How to Stand Firm in an Unstable World
A few months ago, I got an email from a mother whose daughter was planning to attend Liberty University the following year. In the email, she shared how the gravity of this new season was weighing on her. She described at length the challenges they had experienced as a family raising their daughter in the Christian faith in the current social and political culture of the United States. The more I read her story, the more I got the sense that what she was really trying to impress upon me was actually quite simple. I do not want to lose my daughter.
That is the desire of every Christian parent, of course. But it is bigger than simply parents making decisions about college for their children too. It is a pivotal question confronting the church as a whole. How is the Christian faith effectively passed on to the next generation? Because sadly, the current picture is grim. In the last decade, the Barna Group published findings into the lives of [JCL(D1] 18-to-29-year-olds who grew up Christian. Although 70 percent still claim to be Christian, close to two-thirds have left the church, and 20 percent have left the faith entirely. Only 10 percent make up what Barna terms resilient disciples.
Can anything be done to reverse the trend? On one level, of course, the only hope is Christ. He is the one who said, “Apart from me, you can do nothing.” But the late Christian teacher, Dallas Willard, once noted how that statement from Christ also works in the inverse. “If you do nothing, it will be without Me.” In other words, a dependence on Christ does not mean a lack of effort on the part of the believer.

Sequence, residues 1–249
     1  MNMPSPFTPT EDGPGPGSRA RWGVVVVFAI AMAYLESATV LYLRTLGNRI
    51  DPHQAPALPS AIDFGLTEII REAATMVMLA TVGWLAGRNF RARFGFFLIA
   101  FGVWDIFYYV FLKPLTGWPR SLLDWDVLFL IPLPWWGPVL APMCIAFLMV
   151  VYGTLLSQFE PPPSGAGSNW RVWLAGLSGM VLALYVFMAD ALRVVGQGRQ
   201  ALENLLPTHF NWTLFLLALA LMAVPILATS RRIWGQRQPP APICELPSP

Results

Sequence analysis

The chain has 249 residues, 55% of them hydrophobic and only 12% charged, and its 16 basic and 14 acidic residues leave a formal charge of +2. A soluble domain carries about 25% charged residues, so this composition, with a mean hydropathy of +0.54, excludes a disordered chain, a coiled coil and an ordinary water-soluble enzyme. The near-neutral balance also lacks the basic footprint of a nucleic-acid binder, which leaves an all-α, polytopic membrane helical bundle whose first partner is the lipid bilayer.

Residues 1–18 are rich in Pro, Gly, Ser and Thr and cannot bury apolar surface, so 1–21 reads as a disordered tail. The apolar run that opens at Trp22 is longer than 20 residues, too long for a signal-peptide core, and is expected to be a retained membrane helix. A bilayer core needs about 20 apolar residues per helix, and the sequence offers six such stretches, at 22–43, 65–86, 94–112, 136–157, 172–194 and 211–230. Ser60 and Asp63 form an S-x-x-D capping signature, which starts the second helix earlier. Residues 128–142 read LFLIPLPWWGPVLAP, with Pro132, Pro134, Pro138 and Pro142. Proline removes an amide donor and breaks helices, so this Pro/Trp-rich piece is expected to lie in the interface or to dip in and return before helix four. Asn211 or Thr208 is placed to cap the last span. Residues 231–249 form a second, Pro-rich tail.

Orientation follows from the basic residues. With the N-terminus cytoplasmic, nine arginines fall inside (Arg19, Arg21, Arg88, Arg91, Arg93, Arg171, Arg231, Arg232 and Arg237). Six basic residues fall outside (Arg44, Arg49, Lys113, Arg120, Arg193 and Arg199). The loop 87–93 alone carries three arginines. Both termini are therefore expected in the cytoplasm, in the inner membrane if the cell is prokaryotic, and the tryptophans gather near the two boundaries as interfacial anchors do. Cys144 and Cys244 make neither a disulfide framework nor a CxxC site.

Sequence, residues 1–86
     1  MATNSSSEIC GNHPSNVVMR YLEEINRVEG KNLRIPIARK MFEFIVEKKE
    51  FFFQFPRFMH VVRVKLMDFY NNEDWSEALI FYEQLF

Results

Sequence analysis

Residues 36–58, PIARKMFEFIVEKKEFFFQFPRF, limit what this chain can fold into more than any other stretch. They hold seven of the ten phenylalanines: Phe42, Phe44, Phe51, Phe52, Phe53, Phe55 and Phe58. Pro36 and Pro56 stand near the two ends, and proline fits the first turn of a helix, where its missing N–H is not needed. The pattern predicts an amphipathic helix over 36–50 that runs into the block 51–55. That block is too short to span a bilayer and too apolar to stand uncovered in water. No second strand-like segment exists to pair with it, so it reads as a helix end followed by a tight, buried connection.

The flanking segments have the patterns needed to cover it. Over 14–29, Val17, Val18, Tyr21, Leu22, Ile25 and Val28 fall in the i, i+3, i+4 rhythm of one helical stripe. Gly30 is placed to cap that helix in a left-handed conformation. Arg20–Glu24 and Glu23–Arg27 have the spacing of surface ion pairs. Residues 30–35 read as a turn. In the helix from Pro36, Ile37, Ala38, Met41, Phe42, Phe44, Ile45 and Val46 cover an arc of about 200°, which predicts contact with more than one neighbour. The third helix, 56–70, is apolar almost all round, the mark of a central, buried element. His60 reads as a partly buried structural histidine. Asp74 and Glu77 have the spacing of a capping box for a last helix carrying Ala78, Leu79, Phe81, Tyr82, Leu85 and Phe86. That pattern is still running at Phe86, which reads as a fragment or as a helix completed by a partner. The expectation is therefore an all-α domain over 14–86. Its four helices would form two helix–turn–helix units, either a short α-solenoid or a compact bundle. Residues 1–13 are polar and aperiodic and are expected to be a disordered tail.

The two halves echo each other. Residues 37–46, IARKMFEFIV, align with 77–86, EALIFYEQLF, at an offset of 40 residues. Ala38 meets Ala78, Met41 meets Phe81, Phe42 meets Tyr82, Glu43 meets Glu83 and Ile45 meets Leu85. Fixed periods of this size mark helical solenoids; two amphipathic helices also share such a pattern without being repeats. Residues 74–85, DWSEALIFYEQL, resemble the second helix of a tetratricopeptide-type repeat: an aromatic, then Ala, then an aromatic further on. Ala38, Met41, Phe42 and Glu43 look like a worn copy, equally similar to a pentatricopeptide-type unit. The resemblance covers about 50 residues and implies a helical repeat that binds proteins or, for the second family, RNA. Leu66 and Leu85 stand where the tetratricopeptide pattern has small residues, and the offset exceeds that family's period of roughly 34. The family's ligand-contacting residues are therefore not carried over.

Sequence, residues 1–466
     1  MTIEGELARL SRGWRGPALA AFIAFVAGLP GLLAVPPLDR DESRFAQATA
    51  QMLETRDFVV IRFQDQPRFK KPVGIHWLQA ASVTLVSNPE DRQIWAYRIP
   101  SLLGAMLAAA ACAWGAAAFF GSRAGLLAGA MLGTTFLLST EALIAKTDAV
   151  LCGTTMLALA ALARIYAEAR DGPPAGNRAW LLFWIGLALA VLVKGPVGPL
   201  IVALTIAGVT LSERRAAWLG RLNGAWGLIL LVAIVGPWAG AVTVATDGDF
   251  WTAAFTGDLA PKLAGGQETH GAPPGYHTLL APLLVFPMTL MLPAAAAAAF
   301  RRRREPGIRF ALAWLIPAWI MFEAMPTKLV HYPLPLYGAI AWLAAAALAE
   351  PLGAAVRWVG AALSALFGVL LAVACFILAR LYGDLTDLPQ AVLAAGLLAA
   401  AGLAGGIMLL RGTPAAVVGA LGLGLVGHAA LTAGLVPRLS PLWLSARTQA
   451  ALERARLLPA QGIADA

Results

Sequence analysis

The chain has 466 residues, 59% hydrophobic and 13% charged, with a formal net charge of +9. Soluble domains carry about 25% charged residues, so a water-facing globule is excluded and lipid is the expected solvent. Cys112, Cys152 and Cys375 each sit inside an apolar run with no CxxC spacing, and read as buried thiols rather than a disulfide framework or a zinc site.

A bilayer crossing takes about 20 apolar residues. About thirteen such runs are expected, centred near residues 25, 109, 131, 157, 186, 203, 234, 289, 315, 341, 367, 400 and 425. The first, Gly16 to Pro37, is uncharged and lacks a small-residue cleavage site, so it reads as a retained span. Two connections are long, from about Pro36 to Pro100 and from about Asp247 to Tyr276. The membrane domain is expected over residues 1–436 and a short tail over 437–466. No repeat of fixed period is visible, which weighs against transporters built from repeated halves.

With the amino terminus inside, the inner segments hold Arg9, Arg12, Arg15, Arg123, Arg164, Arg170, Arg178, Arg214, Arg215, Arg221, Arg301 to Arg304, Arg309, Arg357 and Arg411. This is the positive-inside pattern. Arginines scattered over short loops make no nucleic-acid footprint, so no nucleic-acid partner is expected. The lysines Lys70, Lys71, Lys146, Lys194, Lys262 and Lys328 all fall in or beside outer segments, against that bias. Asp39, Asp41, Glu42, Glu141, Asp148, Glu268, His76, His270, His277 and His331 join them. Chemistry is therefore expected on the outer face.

But from my own experience of working with Christian young people, I have found that while there is often a sincere desire to grow in Christ, there is also a lack of awareness of the role a believer plays in that process. This is because any sense of effort is often eyed warily as a form of legalism. In an attempt not to be a legalist, however, it seems to me many well-intended Christians have thrown out this most basic understanding of human formation. I will become what I do. That is not legalism. That is a fact.
If I watch what the world watches, listen to what the world listens to, and behave as the world behaves, I should not be surprised when I wake up to find that I have become the world, regardless of what I might claim. But here is the point. The reverse of that is also true. If I pursue Christ, I will become like Him. I know that because He promises it.
It is my belief then that the path to reversing the trend among young people abandoning the faith is to take seriously once again the expectation of obedience in the life of a believer. In his address to the Galatians, Paul writes, “It is for freedom’s sake that you have been set free. Stand firm, then, and do not let yourselves be burdened again by a yoke of slavery.” The point is that for Paul, the freedom a Christian possesses in Christ is fundamentally not a freedom to behave like the world. It is a freedom not to. It is a freedom to pursue Christ.
That’s what I told the mother who emailed me. No, I cannot promise you will not lose your daughter. Her soul is not in my hands. But I can promise to hold up Christ in front of her and continually encourage her to, “run with endurance the race set before [her], fixing [her] eyes on Christ, the author and perfector of [her] faith.”
For additional audio and visual resources about how to encourage your listeners as they support their student’s faith journey or to schedule an interview with Josh, please visit Liberty.edu/CMB and scroll to the “Radio Resources” section.